Brookhaven: Changes at Yaphank compost site discussed

February 17, 2012 by MARK HARRINGTON /

Brookhaven Town is in discussions with the owners of a Yaphank compost and mulching facility that would bring "radical" changes to the 62-acre site in response to homeowner complaints about air quality and findings of groundwater contamination, town officials said.

"They are putting everything on the table," Supervisor Mark Lesko said of Compost's proposed plan, which would include enclosures to address air quality, impermeable barriers under piles to stop groundwater seepage, and dispersing operations to other sites in town to reduce the impact on Yaphank.

The Long Island Compost facility on Horseblock Road in Yaphank is the subject of an October enforcement action by the state Department of Environmental Conservation, which revoked an operating permit until the company encloses a portion of its operations. The decision is under appeal.  Lesko, speaking yesterday at a workshop attended by a dozen residents, said the town has continued enforcing pile height and other rules at the facility, including recent appearance tickets issued for piles more than 20 feet high.

Lesko, who has been criticized by residents and activist group Citizens Campaign for the Environment for what some have said was a hands-off approach to complaints, told residents he supported the DEC enforcement actions.  "It's a very serious issue," he said. "The DEC is taking it very seriously. There is absolutely no doubt there's going to be changes."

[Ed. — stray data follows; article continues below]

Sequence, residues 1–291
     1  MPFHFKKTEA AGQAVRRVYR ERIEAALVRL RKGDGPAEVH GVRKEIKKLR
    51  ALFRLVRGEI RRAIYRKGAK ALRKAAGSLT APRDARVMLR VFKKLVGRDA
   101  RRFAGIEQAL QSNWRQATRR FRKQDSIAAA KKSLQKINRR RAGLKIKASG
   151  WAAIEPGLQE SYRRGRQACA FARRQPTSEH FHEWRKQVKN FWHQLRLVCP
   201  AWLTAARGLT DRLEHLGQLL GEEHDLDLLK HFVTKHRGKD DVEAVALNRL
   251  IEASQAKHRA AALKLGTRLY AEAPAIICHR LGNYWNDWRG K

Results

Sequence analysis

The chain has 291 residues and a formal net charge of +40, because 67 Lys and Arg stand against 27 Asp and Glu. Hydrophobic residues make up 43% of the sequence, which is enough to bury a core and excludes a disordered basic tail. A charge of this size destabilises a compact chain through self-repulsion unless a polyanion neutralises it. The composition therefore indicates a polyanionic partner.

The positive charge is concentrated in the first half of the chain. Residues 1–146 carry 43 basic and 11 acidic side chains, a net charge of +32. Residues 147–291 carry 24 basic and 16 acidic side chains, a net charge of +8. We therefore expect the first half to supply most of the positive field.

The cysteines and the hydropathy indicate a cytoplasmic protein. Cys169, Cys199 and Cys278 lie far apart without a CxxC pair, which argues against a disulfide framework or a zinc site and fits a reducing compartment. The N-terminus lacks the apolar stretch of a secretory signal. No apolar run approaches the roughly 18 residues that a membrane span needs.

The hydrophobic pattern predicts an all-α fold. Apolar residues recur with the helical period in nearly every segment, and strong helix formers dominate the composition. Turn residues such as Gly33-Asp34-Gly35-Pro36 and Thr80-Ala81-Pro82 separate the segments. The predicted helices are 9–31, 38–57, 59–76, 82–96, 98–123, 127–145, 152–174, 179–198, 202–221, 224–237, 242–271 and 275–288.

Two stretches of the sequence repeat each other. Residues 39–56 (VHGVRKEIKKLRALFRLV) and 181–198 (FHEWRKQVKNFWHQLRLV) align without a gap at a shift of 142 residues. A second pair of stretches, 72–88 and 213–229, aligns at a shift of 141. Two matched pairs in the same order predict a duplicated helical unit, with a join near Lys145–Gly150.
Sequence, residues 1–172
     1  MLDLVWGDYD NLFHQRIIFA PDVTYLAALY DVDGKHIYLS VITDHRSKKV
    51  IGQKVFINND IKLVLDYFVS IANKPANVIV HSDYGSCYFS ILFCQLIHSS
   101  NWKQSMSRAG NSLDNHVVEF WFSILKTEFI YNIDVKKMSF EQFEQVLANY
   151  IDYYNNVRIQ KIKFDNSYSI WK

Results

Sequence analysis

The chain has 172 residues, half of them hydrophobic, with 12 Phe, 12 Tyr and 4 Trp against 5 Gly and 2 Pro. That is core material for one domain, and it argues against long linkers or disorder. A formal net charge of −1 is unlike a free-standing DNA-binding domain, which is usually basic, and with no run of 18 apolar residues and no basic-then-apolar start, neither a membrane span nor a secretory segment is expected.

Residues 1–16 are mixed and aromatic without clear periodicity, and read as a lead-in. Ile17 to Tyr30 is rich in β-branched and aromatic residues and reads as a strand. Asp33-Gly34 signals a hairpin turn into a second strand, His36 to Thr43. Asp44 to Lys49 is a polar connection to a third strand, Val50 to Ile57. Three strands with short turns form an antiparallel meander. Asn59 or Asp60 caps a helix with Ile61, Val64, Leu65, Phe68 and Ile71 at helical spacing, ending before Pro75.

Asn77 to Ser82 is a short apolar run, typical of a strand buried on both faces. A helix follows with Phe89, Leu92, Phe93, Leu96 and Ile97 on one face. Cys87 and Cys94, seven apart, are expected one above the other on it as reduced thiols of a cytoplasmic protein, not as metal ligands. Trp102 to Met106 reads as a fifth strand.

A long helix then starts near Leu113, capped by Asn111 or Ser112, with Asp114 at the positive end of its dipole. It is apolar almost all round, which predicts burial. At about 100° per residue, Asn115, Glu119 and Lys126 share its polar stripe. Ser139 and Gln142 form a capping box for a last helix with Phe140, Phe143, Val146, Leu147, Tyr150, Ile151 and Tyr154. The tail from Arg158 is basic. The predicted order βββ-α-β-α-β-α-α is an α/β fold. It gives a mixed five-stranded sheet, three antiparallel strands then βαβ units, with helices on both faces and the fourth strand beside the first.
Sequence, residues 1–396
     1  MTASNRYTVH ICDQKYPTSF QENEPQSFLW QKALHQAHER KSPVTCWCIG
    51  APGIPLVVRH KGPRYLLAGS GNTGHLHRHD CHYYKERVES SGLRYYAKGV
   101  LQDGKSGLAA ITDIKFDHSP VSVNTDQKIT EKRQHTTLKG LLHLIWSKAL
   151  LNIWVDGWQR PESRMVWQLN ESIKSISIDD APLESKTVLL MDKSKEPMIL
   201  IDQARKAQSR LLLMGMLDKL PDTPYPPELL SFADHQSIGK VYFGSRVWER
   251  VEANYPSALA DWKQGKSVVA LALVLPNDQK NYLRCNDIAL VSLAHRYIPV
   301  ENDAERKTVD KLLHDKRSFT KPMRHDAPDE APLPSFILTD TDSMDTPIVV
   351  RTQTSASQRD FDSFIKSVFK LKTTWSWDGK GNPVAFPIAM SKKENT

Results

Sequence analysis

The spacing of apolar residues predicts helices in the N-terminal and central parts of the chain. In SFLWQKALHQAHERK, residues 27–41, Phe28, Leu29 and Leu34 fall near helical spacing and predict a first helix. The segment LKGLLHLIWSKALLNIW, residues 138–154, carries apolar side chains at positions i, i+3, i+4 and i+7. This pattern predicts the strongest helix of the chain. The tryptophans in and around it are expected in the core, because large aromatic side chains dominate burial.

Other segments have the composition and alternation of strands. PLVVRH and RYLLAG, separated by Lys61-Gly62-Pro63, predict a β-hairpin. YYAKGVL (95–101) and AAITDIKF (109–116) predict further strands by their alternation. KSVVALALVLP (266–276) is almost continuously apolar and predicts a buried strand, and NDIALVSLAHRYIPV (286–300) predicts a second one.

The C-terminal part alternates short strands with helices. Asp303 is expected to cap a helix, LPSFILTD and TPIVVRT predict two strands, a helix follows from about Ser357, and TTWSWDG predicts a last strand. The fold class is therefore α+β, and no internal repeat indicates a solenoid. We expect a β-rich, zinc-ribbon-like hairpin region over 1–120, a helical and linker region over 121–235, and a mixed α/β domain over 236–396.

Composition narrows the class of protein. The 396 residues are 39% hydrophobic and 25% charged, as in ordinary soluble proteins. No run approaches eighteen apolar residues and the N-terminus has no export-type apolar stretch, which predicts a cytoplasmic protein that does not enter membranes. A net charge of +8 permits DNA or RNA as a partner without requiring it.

Charles Vigliotti, president of Long Island Compost, who did not attend the meeting, confirmed the company was in discussions to implement "very substantial changes in the way we are going to be operating."  Vigliotti acknowledged the company had been given appearance tickets for pile heights a month ago, but said they were addressed. "We are not in violation of any pile height," he said.

State and county health and environmental officials have identified the site as the source of groundwater contamination that includes raised levels of radionuclides, manganese well above drinking water standards, thallium, ammonia and heavy metals.

A letter from the Suffolk Health Services department released at the meeting also said test wells showed "some pharmaceuticals and personal care products" at low concentrations. The letter said the source of elevated gross alpha levels "continues to be the subject of further investigation," but added, "the precise mechanism that is causing the elevated contaminant concentrations has not yet been determined."  Where groundwater has been impacted, residents have been connected to public water and are no longer drinking it.

In a Newsday story this month, Peter Scully, regional director of the DEC, said findings from monitoring wells at the Yaphank plant and two others nearby are leading the agency to consider imposing tighter regulation of compost and mulching facilities statewide. Vigliotti has previously said the company would comply with any new regulations.